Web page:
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A Better Mammogram

By Dr. Eva Lizer, Women's Life Imaging 

Radiologists like myself worried about tomosynthesis, also known as 3D mammography, when it first emerged as a tool to look for breast cancer several years ago. We thought it might be more uncomfortable to women, and worried that the amount of radiation used would be too high. We also wondered whether tomosynthesis would be less useful than standard mammography in identifying certain signs of breast cancer. However, three years into our experience with tomosynthesis at Women’s Life Imaging Center, I can’t imagine ever going back to 2D mammography again. Tomosynthesis is really that much better. 

Tomosynthesis is an X-ray of the breast, just like a regular 2D mammogram. From the patient’s perspective, the exam itself is nearly identical except it’s just a few seconds longer. Instead of taking one picture at a time, the machine moves through a short arc and takes multiple low-dose X-rays of the breast. A computer puts these together as a 3D set of images. In a 2D mammogram, the radiologist looks at the complex architecture of breast tissue in one flat image. Overlapping normal breast tissue can appear abnormal on a 2D mammogram, but with a 3D mammogram a radiologist can more confidently see that there is no true abnormality. This prevents “callbacks” for additional mammograms or ultrasound. In fact, multiple scientific studies have shown significant reductions in the percentage of women asked to return for more testing – somewhere between 15 and 40 percent. In addition, these studies have found higher cancer detection rates with tomosynthesis. That’s because a 3D mammogram provides better visibility of small cancers that could be hiding in breast tissue.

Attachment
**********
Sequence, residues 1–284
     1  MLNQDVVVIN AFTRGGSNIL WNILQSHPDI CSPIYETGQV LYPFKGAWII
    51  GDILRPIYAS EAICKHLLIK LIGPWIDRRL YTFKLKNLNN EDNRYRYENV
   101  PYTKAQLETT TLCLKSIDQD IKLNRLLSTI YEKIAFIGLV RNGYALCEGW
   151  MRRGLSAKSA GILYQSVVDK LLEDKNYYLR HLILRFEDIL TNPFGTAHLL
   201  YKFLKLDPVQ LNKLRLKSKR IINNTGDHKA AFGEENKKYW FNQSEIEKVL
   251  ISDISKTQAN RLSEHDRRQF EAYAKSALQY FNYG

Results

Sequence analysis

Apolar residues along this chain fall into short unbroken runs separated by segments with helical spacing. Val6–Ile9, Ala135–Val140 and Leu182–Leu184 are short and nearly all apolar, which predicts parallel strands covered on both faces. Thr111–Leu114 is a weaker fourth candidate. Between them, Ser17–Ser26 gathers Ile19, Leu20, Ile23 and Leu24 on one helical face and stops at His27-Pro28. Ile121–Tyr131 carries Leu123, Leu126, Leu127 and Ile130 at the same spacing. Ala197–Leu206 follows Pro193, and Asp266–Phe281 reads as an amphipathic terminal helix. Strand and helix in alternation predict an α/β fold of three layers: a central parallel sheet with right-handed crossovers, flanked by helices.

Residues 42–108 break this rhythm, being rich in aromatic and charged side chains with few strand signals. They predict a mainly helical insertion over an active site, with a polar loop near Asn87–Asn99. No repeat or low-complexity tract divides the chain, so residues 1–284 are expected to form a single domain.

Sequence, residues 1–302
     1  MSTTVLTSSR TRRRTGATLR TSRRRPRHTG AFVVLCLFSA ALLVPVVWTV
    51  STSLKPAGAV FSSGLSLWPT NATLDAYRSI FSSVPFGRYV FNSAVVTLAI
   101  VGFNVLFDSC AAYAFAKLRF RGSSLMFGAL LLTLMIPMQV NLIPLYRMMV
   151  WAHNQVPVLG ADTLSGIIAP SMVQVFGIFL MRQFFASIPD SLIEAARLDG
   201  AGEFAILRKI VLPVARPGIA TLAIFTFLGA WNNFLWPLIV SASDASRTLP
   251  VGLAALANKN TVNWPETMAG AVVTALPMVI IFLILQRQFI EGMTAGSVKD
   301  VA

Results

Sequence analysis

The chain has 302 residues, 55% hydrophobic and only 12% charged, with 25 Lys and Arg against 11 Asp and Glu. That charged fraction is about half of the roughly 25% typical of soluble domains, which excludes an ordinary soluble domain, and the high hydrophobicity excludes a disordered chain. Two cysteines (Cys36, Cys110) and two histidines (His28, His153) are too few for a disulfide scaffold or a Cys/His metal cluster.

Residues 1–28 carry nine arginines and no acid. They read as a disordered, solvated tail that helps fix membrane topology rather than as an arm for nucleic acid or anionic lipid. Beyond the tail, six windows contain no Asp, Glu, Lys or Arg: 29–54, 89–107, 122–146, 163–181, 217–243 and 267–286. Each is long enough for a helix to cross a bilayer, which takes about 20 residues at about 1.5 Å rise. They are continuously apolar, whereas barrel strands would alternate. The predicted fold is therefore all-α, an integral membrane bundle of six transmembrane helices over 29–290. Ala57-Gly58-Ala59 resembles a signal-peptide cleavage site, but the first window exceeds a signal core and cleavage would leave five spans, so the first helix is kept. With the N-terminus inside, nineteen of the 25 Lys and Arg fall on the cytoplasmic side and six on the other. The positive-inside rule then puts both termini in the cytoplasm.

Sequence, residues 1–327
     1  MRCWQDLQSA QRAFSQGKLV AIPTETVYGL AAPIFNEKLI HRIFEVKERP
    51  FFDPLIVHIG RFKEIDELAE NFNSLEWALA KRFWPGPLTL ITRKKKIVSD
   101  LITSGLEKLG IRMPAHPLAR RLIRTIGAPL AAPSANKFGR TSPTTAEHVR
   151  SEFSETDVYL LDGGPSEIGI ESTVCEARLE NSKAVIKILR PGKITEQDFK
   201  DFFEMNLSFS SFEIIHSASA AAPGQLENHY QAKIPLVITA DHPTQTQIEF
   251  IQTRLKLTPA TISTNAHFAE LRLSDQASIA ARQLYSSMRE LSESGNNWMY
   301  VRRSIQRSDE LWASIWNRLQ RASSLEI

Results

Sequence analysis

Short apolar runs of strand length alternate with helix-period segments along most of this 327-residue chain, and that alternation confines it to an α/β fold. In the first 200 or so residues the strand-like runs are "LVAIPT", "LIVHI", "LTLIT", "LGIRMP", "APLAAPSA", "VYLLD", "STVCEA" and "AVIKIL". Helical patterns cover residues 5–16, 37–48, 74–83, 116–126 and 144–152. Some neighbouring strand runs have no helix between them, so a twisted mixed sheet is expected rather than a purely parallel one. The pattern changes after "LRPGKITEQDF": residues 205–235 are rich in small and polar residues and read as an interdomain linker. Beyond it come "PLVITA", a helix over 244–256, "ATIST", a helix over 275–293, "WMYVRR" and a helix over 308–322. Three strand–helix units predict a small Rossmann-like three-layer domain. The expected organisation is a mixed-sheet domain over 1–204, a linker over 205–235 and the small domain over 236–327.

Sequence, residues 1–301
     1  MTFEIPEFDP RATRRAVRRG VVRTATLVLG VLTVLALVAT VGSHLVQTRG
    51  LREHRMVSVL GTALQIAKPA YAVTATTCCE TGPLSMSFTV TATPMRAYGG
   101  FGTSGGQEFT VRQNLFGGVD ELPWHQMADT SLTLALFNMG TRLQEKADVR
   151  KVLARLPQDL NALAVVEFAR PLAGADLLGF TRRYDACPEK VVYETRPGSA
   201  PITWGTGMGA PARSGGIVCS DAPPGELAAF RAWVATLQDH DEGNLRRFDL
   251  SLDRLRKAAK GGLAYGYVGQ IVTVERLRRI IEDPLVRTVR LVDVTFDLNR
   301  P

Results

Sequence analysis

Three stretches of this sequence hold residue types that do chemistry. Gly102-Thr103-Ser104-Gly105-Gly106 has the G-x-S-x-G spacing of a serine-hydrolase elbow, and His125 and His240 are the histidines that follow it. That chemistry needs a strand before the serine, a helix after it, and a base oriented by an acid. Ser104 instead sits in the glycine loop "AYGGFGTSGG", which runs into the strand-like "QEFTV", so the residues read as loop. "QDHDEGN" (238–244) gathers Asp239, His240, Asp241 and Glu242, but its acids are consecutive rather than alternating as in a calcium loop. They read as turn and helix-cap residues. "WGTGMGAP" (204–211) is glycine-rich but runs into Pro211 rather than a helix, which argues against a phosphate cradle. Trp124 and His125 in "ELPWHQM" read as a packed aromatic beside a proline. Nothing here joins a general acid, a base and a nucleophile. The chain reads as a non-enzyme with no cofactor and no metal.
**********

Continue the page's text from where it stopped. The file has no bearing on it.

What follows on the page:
In the past, a 3D mammogram did use slightly more radiation than a standard 2D mammogram. However, Women’s Life Imaging now uses the newest type of 3D mammogram available and the radiation dose is essentially the same as for a regular 2D digital mammogram. It’s important to note that for any mammogram, the radiation used is significantly less than the amount of background radiation we are exposed to each year from the environment.

Every year, more than 200,000 women in the United States are diagnosed with breast cancer. According to Centers for Disease Control and Prevention 2013 statistics, New Hampshire has the highest incidence of breast cancer for any state. When breast cancers are found early—before they have spread to other parts of the body—women have a much better chance of surviving. Mammograms are still the best way to screen women for early breast cancers, and I strongly believe that 3D mammography addresses many of the shortcomings of standard mammography. Because there is no better proven way to detect early breast cancers, we recommend annual mammograms beginning at age 40.

Dr. Eva Lizer is a fellowship trained breast imager at Women’s Life Imaging Center, a joint venture between Wentworth-Douglass Hospital and Frisbie Memorial Hospital to provide breast imaging and bone densitometry services. Women’s Life Imaging Center, located in Somersworth, NH, is recognized as a Breast Imaging Center of Excellence by the American College of Radiology.

For more information, visit or call (603) 742-6673.

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